Faith and fishing

With church attendance dwindling, it’s easy to ignore the pockets of radical Protestantism that continue to flourish in many small communities. Research by Cambridge social anthropologist Dr Joe Webster seeks to understand how these groups navigate an increasingly secular world.

Life becomes animated with a kind of magic that makes God and the Devil and everything in between alive with religious meaning and significance.

Dr Joe Webster

The spectacular parish churches of East Anglia are evidence of a world that’s long gone. A world where the riches gained from the wool trade went into the building of magnificent structures dedicated to the glory of God, a world where the whole village went to church on Sunday and the visual stories told on their walls and windows engraved their messages on minds of the congregation. Now these magnificent churches stand virtually empty, their pews full only for weddings and funerals.

In Britain and much of Europe, many of us assume that we live in a secular world where decreasing numbers of people are practising Christians. We now worship in cathedrals of consumerism – giant shopping and leisure centres that provide the new setting for family activities at weekends. Today’s children are more likely to know the lyrics of the latest pop hits or advertising jingles than lines from even the best-known stories in the Bible.  Research into young people’s knowledge of Christianity shows that children in Britain and America are more likely to recognise images of Ronald McDonald than images of Jesus.

But for many communities Christianity remains a powerful and defining influence. There are many people whose lives are deeply intertwined with Christianity and whose religious faith sustains their inner worlds and guides their everyday lives. In particular, there are strands of radical Christianity – such as the Mennonites, Amish and Brethren – whose strong emphasis on personal salvation, holy living, social separatism and the imminent apocalypse endures to this day. Many of these movements can trace their origins to the ‘radical Reformation’ of the 16th century, and to a time when many emerging Protestant churches and sects sought to differentiate themselves from the Roman Catholic Church in the strongest possible terms.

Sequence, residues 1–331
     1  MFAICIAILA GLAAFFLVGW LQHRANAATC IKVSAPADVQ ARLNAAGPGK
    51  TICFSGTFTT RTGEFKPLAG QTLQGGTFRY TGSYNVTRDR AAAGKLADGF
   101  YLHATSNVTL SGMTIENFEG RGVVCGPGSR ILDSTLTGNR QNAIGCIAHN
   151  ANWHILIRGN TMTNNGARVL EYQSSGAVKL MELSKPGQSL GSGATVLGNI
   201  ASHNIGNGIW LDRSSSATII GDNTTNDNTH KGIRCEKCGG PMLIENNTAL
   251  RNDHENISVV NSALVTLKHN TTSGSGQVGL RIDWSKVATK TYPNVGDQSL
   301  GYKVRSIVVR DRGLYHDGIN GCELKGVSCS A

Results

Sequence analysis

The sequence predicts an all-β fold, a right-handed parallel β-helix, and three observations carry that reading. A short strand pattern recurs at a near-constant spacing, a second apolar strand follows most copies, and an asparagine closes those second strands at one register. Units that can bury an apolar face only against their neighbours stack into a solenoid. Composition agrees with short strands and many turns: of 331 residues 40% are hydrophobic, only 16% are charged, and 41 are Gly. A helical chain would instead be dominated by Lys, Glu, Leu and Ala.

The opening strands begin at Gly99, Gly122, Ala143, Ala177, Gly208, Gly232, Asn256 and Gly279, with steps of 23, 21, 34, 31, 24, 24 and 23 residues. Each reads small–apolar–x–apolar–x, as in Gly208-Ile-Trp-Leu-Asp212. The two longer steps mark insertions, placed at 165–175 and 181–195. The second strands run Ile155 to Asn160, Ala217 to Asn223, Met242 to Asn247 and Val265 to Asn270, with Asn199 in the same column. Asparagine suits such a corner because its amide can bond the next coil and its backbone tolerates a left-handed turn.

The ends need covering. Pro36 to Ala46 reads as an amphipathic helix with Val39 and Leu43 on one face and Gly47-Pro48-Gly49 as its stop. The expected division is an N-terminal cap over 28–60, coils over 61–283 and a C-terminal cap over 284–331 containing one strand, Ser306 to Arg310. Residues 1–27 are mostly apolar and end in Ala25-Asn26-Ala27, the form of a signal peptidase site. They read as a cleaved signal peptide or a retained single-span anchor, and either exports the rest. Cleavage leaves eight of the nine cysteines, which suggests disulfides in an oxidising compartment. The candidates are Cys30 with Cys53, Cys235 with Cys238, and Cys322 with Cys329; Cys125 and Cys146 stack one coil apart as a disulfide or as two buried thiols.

Dr Joe Webster, who was last year appointed a Research Fellow of Downing College, is a social anthropologist whose work looks at present-day radical Protestantism in Scotland and Northern Ireland, home to towns and villages which are culturally distinct from the highly-urbanised and self-consciously cosmopolitan centres of England. His research examines the ways in which people whose identity is shaped by millenarian Protestantism – such as the Brethren – navigate their everyday lives at home, at work and in a wider community where secularism is assumed to be the norm.  These Protestant communities tend to keep a low profile, seeking to remain separate from what they see as the godless and gratuitous hedonism of a world that is interested only in the selfish fulfilment of its most immediate desires.

Sadly, many of the investigations into radical Protestant sects have been highly sensationalist and derisory, with the result that members of these groups have often been left feeling increasingly alienated from (and at odds with) those who do not share their faith. Many have closed their ranks and remain deeply suspicious of ‘outsiders’.